Sloth Exhibit (Opening Spring 2020)

This spring, slow down with the sloths at the Louisville Zoo!

Linneaus’s two-toed sloths are coming to the Zoo! One-year-old male sloth Sebastian and 1.5-year-old female sloth Sunni are getting acclimated to their new surroundings. This spring 2020, they will be waiting to meet you in the South America zone near the Chilean flamingos! Hang out with one of the most elusive and fascinating creatures on the planet and hear from the keepers who care for them.

More information will be coming in the following weeks including upcoming opportunities for a sloth meet and greet (special ticket required — expected cost $95 per person, does not include Zoo admission).

Sloth Experience Notificiation














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Click to learn more about our current behind-the-scenes options

This exhibit is made possible through the Friends of the Louisville Zoo and other generous donors.

About Linneaus’s Two-Toed Sloths

This arboreal mammal hails from the South America forest canopy. Sloths are nocturnal, solitary and known for their slow movements as well as their tendency to hang upside down in trees. In fact, these sloths eat, sleep, mate and even give birth in this position!

Although commonly referred to as two-toed sloths, did you know that all sloths actually have three toes on their hind legs? The fingers on their front limbs are what differs between species; some sloths have three fingers and some have two!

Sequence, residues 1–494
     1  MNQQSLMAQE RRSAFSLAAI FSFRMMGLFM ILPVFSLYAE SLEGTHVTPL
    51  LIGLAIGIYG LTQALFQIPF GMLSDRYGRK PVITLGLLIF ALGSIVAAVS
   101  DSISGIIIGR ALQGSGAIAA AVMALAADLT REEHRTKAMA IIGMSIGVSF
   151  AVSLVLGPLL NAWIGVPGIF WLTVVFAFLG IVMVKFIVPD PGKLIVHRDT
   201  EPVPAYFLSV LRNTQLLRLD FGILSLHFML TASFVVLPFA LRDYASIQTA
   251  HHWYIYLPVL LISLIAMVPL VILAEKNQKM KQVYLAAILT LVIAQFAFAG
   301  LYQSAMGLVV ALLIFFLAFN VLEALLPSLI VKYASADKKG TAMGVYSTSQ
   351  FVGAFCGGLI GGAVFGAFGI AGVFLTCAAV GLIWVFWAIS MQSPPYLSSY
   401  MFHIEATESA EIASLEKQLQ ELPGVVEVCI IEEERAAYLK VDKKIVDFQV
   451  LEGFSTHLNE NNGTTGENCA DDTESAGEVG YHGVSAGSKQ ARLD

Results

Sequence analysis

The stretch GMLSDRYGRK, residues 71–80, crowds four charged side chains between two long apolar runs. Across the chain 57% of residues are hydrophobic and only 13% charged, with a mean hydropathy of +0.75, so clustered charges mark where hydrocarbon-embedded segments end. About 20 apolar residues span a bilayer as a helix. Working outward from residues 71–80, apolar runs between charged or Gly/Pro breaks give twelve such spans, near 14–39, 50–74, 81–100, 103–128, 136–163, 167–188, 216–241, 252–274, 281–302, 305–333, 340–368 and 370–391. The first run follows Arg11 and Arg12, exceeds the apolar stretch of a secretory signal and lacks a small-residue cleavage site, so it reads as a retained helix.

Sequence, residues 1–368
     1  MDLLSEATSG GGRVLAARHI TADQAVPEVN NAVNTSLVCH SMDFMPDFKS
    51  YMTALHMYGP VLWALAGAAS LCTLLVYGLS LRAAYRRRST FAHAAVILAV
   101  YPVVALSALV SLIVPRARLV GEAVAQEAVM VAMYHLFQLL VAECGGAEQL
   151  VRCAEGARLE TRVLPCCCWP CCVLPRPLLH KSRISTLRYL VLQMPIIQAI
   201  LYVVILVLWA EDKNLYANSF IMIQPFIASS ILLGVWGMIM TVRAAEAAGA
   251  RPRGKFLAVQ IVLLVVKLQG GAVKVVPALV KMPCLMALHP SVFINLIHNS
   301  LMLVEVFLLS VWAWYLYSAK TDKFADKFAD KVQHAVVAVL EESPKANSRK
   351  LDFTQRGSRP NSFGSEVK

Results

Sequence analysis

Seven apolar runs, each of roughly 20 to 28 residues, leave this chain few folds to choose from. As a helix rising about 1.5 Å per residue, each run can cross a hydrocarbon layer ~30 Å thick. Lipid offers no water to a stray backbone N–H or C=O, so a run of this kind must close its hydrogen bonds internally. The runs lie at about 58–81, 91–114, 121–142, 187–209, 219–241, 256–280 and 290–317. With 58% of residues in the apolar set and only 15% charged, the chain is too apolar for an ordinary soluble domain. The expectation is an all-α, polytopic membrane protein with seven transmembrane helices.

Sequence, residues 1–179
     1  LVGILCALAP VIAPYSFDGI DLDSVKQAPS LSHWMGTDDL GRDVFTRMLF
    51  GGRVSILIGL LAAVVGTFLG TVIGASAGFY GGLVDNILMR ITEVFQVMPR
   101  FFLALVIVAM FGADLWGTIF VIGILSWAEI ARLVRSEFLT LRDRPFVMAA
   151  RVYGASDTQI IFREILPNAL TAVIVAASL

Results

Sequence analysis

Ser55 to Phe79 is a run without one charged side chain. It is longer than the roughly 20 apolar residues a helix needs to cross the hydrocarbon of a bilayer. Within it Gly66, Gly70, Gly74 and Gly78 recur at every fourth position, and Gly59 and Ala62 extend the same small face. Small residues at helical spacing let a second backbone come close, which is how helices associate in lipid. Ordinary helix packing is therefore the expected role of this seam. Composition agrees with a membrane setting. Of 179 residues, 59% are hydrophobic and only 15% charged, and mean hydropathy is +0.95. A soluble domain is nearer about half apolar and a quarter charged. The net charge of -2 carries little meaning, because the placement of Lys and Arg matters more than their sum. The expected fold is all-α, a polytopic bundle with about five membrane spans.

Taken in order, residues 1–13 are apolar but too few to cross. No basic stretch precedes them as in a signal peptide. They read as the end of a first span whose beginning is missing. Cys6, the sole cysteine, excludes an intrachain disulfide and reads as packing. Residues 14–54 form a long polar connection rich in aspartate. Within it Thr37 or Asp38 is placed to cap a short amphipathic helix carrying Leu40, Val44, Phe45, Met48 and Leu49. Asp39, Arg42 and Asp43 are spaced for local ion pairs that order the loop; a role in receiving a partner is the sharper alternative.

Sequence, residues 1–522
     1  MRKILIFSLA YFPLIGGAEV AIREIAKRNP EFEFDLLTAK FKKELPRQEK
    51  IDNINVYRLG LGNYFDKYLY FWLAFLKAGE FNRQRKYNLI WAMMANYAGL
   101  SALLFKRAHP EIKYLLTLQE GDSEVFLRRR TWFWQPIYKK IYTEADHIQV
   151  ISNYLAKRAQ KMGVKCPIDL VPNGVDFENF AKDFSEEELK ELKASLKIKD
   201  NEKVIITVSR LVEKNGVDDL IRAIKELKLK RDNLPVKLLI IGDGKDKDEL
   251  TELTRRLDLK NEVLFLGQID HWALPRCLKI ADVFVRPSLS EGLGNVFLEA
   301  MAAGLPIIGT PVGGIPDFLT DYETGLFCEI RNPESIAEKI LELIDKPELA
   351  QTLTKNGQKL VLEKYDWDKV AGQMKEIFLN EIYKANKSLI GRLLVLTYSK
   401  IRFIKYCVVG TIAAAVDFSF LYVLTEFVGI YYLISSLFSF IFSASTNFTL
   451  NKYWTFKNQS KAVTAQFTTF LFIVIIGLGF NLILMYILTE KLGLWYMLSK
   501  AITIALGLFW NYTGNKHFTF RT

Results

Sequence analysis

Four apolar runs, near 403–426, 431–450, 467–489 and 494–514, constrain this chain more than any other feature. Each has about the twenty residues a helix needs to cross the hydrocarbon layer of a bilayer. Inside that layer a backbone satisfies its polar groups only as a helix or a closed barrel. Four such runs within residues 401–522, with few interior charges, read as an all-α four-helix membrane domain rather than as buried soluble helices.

Two-toed sloths are also a bit larger, reaching 31 inches in length and weighing up to 24 pounds. They have long, brown hair which will stand on edge when they feel threatened. The shape of these hairs allows for the growth of algae and fungi by trapping moisture. This growth can make the sloths appear green which helps to camouflage them in the rain forest canopy.

Sloths enjoy a diet of mostly leaves but will also eat flowers and fruit. Due to their slow metabolism, two-toed sloths have one of the slowest digestive rates for any mammal. Research shows it takes approximately 30 days for them to fully digest what they eat.

The sloth’s natural predators are big cats, snakes and eagles — but their largest threat is loss of habitat due to the rapidly expanding human population.